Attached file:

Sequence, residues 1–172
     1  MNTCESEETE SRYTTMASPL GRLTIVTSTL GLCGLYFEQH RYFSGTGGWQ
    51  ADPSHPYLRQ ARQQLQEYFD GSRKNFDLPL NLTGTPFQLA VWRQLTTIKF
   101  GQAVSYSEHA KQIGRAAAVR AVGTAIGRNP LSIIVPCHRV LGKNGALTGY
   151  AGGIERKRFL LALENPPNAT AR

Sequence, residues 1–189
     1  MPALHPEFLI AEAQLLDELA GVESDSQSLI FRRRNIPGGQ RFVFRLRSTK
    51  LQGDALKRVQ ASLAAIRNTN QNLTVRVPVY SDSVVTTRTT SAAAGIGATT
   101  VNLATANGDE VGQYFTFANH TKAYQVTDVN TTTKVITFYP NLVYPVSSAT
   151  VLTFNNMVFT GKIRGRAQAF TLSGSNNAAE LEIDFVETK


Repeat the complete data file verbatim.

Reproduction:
Sequence, residues 1–172
     1  MNTCESEETE SRYTTMASPL GRLTIVTSTL GLCGLYFEQH RYFSGTGGWQ
    51  ADPSHPYLRQ ARQQLQEYFD GSRKNFDLPL NLTGTPFQLA VWRQLTTIKF
   101  GQAVSYSEHA KQIGRAAAVR AVGTAIGRNP LSIIVPCHRV LGKNGALTGY
   151  AGGIERKRFL LALENPPNAT AR

Sequence, residues 1–189
     1  MPALHPEFLI AEAQLLDELA GVESDSQSLI FRRRNIPGGQ RFVFRLRSTK
    51  LQGDALKRVQ ASLAAIRNTN QNLTVRVPVY SDSVVTTRTT SAAAGIGATT
   101  VNLATANGDE VGQYFTFANH TKAYQVTDVN TTTKVITFYP NLVYPVSSAT
   151  VLTFNNMVFT GKIRGRAQAF TLSGSNNAAE LEIDFVETK